It’s funny how little time it takes to fall in love with a place. We have only had our cabin since September, but every time we drive up Highway 63 I marvel at the landscape. It’s fierce and beautiful and intimidating and inviting and I want to know every inch of it.
But first there was the knee surgery, then there was winter, and now there is fire. Exploration has been put on hold. We are not in immediate danger, but we have taken two car loads of sentimental items out of the cabin and we’re glued to the Forest Service’s live stream every evening.
We are lucky. Our cabin is still safe, after almost 6 weeks of fire. We have another home to go to. We have insurance. And until our part of the canyon is put on “Ready” status, we will continue to enjoy the forest. We will evacuate when told.
But I am sad to think of all the displaced people and animals, the homes that have been lost, the forests that are charred, the waters that will be black with ash. It will take decades to recover. As a forager that brings me to tears, but I suspect many non-foragers feel the same way. This land is so extraordinary; it’s impossible to spend time here and not fall in love.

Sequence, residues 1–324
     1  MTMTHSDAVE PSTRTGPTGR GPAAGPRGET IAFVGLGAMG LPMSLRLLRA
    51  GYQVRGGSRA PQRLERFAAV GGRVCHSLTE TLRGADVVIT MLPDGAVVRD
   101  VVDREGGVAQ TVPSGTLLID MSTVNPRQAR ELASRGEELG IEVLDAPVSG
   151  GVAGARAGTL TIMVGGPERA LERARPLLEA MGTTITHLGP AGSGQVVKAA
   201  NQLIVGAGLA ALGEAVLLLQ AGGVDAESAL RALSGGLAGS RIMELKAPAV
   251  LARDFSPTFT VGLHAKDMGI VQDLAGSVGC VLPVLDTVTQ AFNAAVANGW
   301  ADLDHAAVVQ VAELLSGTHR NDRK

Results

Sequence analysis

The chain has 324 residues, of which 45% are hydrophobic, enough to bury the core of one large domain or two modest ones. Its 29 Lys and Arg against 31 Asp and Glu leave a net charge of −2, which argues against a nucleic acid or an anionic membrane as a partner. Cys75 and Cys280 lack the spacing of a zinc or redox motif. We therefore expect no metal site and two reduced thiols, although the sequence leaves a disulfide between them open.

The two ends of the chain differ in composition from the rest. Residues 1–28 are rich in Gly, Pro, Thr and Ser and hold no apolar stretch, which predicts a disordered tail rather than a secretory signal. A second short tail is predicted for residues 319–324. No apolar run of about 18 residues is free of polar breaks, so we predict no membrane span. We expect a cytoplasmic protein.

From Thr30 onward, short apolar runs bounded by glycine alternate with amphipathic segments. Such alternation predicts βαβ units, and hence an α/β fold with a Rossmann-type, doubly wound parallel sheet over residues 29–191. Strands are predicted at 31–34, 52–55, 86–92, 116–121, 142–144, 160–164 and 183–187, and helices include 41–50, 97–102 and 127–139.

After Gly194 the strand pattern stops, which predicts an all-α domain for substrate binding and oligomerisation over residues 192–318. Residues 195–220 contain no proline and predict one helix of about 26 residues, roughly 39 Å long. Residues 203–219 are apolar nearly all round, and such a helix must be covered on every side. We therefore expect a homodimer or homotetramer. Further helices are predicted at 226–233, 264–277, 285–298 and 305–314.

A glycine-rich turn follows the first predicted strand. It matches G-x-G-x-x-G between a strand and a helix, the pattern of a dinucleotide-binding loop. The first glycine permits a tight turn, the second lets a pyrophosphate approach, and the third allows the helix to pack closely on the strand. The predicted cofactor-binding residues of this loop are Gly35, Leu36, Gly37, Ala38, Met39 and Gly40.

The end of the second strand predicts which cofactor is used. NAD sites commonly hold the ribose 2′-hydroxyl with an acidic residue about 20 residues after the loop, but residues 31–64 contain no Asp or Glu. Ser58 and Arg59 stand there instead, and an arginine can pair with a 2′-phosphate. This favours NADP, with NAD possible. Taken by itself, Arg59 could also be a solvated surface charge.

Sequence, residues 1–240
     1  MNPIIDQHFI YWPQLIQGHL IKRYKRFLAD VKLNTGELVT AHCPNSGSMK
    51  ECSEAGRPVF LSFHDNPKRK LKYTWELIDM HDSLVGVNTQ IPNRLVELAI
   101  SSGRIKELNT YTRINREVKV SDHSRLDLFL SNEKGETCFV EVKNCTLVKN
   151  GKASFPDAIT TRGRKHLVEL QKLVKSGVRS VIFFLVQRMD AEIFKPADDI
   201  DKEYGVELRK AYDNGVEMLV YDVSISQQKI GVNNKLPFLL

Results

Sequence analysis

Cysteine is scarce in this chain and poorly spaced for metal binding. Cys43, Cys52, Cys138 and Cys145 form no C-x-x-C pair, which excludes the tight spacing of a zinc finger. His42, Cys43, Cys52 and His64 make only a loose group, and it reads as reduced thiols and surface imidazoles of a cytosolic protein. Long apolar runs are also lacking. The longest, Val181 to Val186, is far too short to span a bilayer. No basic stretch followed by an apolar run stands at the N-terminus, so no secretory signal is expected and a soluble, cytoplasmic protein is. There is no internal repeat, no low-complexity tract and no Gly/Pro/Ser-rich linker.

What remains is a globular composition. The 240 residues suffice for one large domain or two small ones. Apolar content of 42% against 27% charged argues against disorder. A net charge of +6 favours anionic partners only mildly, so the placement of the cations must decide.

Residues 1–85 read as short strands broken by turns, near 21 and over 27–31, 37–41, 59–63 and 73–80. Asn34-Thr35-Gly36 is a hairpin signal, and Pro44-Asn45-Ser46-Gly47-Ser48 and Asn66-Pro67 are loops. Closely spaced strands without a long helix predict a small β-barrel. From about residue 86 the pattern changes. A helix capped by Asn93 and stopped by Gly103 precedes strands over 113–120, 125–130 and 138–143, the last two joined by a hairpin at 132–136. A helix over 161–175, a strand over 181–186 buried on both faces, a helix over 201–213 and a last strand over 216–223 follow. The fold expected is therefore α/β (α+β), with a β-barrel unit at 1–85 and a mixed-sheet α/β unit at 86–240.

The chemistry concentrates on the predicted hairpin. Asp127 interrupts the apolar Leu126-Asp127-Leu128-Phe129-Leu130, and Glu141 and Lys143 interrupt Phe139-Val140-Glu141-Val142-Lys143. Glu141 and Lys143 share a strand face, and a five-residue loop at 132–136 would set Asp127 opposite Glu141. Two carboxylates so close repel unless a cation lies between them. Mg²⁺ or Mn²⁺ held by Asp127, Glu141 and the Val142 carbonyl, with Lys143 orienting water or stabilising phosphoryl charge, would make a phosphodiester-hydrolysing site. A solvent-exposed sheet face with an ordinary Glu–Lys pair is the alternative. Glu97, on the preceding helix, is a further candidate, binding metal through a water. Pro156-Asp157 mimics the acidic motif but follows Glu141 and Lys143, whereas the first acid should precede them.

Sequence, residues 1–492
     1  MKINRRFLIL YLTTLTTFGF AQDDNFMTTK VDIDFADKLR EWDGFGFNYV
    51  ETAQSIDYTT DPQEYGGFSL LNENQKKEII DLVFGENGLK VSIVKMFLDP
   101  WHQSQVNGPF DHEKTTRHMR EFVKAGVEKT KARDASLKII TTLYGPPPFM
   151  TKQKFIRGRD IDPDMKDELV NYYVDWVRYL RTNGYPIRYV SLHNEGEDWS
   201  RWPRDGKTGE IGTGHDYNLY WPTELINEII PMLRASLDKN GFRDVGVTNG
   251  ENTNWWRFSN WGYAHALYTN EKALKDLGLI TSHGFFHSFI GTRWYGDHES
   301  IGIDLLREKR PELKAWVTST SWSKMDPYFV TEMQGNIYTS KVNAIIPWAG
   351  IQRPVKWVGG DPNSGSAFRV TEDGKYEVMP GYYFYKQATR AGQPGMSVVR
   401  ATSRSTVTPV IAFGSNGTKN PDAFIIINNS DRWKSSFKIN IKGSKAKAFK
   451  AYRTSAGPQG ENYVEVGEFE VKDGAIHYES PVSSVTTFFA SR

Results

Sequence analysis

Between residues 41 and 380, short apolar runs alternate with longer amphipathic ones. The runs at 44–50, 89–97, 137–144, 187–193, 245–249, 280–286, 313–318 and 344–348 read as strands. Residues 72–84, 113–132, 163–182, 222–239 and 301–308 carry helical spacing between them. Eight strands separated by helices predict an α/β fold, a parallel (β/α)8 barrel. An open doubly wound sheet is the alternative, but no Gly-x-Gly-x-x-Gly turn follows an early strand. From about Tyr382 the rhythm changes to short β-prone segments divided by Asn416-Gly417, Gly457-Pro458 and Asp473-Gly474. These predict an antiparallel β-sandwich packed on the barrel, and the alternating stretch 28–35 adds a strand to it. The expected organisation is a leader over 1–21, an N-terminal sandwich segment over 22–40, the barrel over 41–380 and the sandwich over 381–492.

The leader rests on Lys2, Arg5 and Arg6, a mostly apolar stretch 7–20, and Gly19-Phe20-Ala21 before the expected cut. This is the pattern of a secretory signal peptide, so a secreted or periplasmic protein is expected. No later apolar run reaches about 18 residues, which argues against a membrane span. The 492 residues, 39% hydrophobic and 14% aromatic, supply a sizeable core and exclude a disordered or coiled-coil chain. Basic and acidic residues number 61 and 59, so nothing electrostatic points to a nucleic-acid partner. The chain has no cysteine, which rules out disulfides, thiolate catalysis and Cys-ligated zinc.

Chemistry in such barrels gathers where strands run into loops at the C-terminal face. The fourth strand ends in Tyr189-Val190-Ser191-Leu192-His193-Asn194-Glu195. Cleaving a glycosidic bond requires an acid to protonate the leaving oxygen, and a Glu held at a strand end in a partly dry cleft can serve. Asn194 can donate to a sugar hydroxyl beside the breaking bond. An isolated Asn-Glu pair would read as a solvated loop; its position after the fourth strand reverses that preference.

Sitting on the porch, listening to the river and the hummingbirds and the wind in the aspens, it’s easy to forget the wildfire burning less than 10 miles away. Driving in and out of the canyon, faced with plumes of smoke and giant pyrocumulus clouds…there’s no denying the disaster.